I jumped at the chance. I was familiar with Keen's footwear and loved the pair I already owned. The difference is, my original pair wasn't for working. (I didn't even know Keen made work wear.) You see, if I'm not wearing casual/dress shoes at work or not not climbing ladders and making sawdust on the weekend, I'm likely to be wearing Keen sandals. Admittedly, I've done some projects wearing sandals, mostly little DIY handy projects around the house or completely do-nothing projects around the beaches of San Diego or the red rocks and forests of Sedona in one of our rare leisure trips.

There's Always a Bigger Hammer - The Paving Stone Demolition Experiment

I'm trying to remove the cemented-in mystery stone from our pool deck. The same stuff is on our patio, so if I'm successful, I may go after that area too. Why would I do that? Cause it's ugly, bad stuff.

You can read about this delightful stone in my last post about our upcoming swimming pool renovation if you like, or you can stay here for the hard-core, hammer-slammin' action.

To update progress on the renovation, I've had two pool contractors give renovation options and quotes for a total pool re-do / repair. The first contractor thought we could remove the mystery stone from the original deck, and cover it with brick pavers. The second promoted jack-hammering the deck down to dirt and starting from scratch, with a new acrylic coated concrete cool-deck.

We're considering both approaches, but the paver idea hinges on successfully removing the stone, and they want $2,000 to do that. Just to remove the stone, not to buy or install the pavers. Holy crap! I decided to see if I could do it myself.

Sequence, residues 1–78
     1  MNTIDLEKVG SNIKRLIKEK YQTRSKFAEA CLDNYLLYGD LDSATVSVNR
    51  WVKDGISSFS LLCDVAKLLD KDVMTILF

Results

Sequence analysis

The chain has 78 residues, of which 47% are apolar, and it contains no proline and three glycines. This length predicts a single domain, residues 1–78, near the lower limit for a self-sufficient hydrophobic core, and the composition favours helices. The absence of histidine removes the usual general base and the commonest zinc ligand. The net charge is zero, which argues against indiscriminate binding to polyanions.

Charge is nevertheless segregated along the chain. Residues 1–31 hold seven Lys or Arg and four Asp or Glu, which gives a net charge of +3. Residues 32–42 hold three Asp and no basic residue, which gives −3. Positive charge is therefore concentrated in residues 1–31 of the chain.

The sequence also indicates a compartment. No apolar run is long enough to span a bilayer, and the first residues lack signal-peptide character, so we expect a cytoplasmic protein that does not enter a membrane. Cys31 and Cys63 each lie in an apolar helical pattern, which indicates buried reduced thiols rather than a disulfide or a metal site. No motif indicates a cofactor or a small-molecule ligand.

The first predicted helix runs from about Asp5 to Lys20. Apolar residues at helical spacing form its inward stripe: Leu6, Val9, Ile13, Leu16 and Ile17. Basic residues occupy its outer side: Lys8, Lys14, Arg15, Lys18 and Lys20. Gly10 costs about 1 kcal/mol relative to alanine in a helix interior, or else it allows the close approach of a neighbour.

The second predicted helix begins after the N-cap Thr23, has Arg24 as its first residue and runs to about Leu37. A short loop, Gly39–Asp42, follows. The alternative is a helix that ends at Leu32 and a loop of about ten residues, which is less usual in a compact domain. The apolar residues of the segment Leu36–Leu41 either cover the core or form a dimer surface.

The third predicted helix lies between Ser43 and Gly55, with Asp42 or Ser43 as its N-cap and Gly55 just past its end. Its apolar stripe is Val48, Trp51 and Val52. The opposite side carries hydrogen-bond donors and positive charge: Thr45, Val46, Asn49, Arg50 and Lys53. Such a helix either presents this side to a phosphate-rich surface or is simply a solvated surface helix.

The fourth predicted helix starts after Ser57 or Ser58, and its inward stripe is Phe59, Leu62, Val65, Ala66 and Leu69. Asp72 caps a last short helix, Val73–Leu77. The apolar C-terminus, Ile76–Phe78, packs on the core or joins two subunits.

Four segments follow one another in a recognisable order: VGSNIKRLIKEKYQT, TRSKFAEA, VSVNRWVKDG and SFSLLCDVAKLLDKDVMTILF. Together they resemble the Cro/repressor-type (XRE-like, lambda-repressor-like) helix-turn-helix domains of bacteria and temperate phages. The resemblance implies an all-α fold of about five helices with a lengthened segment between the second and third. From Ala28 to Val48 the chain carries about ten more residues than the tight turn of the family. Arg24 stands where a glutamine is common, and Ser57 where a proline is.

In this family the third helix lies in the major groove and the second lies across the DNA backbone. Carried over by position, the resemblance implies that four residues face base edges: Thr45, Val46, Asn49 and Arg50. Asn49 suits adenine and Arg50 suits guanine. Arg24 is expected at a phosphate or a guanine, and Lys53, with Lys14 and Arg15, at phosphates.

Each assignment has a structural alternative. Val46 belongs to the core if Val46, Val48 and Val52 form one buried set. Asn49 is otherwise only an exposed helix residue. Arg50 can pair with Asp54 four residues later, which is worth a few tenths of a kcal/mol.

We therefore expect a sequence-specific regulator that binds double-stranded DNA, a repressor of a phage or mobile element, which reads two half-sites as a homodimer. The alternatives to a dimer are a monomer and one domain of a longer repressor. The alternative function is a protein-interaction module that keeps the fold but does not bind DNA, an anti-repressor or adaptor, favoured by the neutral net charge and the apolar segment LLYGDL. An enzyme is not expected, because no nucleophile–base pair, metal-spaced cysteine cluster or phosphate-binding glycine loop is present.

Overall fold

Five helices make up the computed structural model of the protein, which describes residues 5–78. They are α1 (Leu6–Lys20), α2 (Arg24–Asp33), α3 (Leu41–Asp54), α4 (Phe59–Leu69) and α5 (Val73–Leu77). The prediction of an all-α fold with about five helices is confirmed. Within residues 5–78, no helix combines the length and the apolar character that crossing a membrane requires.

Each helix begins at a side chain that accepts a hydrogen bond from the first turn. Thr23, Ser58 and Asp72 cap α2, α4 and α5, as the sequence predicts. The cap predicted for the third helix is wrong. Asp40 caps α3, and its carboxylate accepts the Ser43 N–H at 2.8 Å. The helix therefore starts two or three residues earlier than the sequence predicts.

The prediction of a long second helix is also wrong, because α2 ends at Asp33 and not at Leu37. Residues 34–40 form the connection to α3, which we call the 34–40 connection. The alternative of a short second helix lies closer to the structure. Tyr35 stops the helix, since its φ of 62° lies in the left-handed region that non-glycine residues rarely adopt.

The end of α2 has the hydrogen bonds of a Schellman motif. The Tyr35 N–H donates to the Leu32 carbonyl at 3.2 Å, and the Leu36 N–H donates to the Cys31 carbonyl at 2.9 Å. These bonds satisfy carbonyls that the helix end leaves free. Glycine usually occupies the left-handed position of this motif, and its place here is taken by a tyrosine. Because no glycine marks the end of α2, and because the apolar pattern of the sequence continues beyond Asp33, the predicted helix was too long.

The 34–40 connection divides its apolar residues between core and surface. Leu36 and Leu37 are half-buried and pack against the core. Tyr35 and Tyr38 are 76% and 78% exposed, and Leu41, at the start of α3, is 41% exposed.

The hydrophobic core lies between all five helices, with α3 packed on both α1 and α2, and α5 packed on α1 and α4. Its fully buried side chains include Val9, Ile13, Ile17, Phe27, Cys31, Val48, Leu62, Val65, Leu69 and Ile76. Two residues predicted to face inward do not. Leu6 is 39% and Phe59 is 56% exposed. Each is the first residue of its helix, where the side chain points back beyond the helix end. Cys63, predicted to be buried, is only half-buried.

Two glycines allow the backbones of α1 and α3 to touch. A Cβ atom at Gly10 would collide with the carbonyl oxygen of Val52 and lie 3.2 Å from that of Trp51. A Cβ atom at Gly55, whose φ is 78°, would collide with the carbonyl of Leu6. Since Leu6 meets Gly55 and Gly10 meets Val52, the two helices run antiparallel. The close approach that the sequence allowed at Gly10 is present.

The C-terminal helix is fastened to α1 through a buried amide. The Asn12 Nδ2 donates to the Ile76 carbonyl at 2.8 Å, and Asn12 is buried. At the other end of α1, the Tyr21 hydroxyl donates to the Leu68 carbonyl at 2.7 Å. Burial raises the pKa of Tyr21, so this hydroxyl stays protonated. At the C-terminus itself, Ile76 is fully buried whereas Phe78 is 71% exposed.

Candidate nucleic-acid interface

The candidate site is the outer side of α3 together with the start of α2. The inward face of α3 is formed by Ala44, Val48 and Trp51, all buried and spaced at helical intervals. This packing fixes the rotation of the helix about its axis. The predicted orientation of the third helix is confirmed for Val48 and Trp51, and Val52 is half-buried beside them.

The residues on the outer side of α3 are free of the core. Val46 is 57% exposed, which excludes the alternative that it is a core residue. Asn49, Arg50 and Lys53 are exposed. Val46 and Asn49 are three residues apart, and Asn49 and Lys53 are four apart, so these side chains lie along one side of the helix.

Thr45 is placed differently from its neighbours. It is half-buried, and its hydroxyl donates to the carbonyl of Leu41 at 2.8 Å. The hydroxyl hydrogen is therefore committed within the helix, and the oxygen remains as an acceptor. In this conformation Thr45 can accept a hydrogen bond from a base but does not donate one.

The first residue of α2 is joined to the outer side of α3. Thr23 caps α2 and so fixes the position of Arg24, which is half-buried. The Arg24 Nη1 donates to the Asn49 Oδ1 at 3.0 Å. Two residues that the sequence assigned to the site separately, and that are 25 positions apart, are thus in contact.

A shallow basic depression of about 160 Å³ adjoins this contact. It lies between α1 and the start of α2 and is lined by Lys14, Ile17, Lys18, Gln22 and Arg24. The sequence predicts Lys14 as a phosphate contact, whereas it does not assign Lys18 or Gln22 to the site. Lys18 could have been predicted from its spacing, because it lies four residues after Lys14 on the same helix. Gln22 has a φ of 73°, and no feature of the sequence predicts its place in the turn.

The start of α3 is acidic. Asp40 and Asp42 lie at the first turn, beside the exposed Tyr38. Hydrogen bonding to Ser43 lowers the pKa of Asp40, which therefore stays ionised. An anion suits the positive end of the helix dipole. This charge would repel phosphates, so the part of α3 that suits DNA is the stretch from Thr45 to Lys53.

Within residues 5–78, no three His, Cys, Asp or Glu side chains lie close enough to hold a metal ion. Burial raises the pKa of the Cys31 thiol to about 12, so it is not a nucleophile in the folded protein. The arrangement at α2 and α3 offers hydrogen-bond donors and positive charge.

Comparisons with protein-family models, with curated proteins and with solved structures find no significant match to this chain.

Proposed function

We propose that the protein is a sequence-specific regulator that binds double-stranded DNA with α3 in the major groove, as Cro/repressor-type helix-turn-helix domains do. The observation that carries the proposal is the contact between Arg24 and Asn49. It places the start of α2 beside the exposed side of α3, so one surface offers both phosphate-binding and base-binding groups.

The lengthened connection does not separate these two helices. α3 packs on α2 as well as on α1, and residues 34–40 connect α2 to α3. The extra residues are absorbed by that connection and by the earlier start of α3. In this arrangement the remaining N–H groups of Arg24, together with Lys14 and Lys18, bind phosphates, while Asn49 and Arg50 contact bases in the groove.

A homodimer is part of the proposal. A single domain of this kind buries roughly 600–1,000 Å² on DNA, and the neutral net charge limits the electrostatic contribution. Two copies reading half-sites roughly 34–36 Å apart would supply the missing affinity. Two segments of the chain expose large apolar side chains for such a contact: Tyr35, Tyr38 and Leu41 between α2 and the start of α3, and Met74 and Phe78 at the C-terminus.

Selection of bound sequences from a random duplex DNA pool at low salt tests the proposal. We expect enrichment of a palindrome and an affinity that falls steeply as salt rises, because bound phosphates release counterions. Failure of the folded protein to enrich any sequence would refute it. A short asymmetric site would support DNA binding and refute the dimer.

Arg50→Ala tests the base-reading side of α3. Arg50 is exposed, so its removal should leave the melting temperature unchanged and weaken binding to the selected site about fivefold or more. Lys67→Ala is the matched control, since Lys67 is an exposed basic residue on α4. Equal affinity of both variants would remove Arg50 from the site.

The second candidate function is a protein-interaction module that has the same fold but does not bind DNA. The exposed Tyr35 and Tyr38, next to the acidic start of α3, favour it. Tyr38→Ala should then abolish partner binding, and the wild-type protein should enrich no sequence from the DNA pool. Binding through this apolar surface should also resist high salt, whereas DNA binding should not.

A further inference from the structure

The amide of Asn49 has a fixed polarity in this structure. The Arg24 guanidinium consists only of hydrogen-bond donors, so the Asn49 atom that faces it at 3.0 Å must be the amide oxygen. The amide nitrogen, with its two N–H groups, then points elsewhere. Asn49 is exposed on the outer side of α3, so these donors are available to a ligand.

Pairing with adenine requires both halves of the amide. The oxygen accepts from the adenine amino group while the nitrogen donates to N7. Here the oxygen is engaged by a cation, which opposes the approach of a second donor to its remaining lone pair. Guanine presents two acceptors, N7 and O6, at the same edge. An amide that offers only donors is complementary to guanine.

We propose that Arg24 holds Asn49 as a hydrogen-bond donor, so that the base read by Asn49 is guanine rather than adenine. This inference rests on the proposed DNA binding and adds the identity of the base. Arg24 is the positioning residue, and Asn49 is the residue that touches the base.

The Next Big Thing - Swimming Pool Renovation

Necessity has once again led us to fail in keeping to our Strategic Doctrine of Inside-Out Home Renovation. The swimming pool continues to be unusable. First world problems right?

Wrong. Access to a swimming pool is a requirement here in the fierce desert southwest. In fact, when you get off an airplane, they check your luggage, just to make sure you have your suit with you. The Border Patrol prowls the edges of the state, making sure anyone attempting to enter without towels, inflatable float toys, squirt guns, and a pair of swim goggles is promptly sent back the other direction. God forbid you try to bring children here in the summer without intending to routinely hurl them into the cool, refreshing embrace of a sparkling, chlorinated aquatic wonder at least once a day.

Whist most of the country is emerging, bleary-eyed, from their winter hibernation homes, blinking at the sunlight like pale zombies, basking in temperatures approaching 60 degrees, we're eyeballing the pool, with temperatures already tickling the low 90's. Oh, it's time.

Shadow Mounting Small Art Pieces

My wife has had this beautiful heirloom crucifix for years. It is something beloved family members who have long since passed brought back from a trip to Rome.  We had it hanging, on a simple nail. in the living room over the entry to the kitchen / dining area before the remodel. After the remodel, with the crown molding and trim around the entry, it just wouldn't fit anymore.

I came up with this this little trick that I thought worked out quite nicely. For a change, I have a quick, little post to share instead of my normal monstrosities.

Using the magical powers of JB Weld, I affixed a large, flat headed screw to the back of the crucifix, roughly dead center.